Thromboembolic Disorders During Pregnancy
(See also Postpartum Blood Clots.)
In thromboembolic disorders, blood clots (thrombi) form in blood vessels. An embolus is a blood clot that travels through the bloodstream and blocks an artery. In the United States, thromboembolic disorders are a common cause of death in pregnant women.
The risk of developing a thromboembolic disorder is increased for about 6 weeks after delivery. Most complications due to blood clots result from injuries that occur during delivery. The risk is much higher after cesarean delivery than after vaginal delivery.
Blood clots usually form in the superficial veins of the legs as thrombophlebitis or in the deep veins of the legs as deep vein thrombosis. Symptoms can include leg swelling, pain, and tenderness. These symptoms may be hard to recognize because pregnancy can cause similar symptoms. The severity of the symptoms does not correlate with the severity of the disease.
Deep vein thrombosis may also develop in the pelvis. There, it may not cause symptoms. A clot can move from the deep veins of the legs or pelvis to the lungs. There, the clot may block one or more lung (pulmonary) arteries. This blockage, called pulmonary embolism, can be life threatening.
During pregnancy, if women have symptoms suggesting a blood clot, Doppler ultrasonography (used to evaluate blood flow) may be done to check the legs for clots.
If pulmonary embolism is suspected, computed tomography (CT) may be done to confirm the diagnosis. CT is done after a radiopaque contrast agent (which can be seen on x-rays) is injected. The contrast agent flows through blood vessels and outlines them. This procedure is called CT angiography. It is relatively safe during pregnancy.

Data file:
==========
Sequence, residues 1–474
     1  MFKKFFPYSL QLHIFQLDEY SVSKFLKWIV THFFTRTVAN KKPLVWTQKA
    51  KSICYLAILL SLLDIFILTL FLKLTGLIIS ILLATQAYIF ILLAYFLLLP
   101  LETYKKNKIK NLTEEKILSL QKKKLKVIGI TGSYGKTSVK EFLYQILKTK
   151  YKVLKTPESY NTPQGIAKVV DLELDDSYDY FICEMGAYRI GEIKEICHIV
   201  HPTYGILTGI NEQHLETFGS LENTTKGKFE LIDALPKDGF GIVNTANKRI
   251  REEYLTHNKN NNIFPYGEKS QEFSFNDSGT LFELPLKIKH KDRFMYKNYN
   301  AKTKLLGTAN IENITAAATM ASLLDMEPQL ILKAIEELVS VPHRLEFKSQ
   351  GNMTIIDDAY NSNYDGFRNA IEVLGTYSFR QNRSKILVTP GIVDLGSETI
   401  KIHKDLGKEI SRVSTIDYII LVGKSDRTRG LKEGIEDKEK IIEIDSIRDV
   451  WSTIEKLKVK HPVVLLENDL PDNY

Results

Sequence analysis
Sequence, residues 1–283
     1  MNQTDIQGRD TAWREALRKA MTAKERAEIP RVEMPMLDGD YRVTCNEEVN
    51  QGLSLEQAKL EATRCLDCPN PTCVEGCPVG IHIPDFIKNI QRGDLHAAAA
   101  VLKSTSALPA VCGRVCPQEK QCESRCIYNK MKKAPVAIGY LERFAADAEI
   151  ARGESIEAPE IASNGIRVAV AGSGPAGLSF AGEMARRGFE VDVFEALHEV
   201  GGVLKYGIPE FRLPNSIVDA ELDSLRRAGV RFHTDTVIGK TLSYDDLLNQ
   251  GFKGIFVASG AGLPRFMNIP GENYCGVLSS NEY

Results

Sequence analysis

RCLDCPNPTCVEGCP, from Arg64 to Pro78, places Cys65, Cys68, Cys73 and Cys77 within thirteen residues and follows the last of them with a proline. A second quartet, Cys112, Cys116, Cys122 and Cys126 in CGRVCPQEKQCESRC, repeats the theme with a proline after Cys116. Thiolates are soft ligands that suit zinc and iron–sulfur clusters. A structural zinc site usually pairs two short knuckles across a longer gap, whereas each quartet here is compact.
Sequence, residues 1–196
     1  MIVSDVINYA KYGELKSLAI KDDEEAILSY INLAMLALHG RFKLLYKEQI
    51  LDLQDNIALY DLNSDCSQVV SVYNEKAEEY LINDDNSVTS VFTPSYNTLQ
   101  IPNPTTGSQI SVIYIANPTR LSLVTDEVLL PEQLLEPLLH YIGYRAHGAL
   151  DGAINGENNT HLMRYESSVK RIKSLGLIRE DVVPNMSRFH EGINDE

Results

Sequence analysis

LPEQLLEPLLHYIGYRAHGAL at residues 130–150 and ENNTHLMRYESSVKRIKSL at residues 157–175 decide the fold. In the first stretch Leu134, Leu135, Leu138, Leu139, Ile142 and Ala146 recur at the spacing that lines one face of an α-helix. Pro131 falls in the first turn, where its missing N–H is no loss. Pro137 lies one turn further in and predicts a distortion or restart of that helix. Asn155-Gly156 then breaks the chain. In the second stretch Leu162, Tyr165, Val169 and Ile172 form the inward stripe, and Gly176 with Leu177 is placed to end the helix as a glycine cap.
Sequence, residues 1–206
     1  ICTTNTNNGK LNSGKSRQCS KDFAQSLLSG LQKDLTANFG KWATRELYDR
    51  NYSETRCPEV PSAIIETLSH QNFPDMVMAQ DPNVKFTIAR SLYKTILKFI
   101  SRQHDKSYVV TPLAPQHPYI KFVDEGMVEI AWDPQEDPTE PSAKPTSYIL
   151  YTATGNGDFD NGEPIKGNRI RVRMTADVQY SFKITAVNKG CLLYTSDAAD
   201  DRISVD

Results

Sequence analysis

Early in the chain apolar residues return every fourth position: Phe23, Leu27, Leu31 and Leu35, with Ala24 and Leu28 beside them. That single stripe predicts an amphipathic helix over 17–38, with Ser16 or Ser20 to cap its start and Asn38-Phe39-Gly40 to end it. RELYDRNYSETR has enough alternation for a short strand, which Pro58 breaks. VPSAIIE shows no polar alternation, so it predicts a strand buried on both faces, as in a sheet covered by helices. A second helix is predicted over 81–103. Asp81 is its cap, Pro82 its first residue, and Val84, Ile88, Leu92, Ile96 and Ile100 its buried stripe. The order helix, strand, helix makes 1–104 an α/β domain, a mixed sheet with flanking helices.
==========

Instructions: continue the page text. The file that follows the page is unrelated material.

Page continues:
If the diagnosis of pulmonary embolism is still uncertain, a procedure called pulmonary angiography (angiography of the lung's blood vessels) is required. For this procedure, doctors make a small incision, typically in the groin but sometimes in the arm. Then they insert a thin, flexible tube (catheter) and thread it through blood vessels to an artery in a lung. When the catheter is in place, a substance that can be seen on x-rays (called a radiopaque contrast agent) is injected through the catheter to outline the blood vessels in the lungs, and x-rays are taken.
After the baby is delivered, doctors may use CT with a contrast agent to check women for blood clots in the pelvis.
If a blood clot is detected, heparin (an anticoagulant, a drug that inhibits blood clotting) is started without delay. Heparin may be injected into a vein (intravenously) or under the skin (subcutaneously). Heparin does not cross the placenta and cannot harm the fetus. Treatment is continued for 3 to 6 months. Then, to prevent new blood clots from forming, doctors give the woman heparin at a lower dose for at least 6 weeks after delivery. During this time, the risk of blood clots remains high.
After delivery, warfarin may be used instead of heparin, particularly if women require treatment for more than 6 to 8 weeks. Warfarin can be taken by mouth, has a lower risk of complications than heparin, and can be taken by women who are breastfeeding.
Women who have had a blood clot during a previous pregnancy or who had a thromboembolic disorder before they became pregnant may be given heparin during each pregnancy and for 6 weeks after delivery to prevent blood clots from forming.
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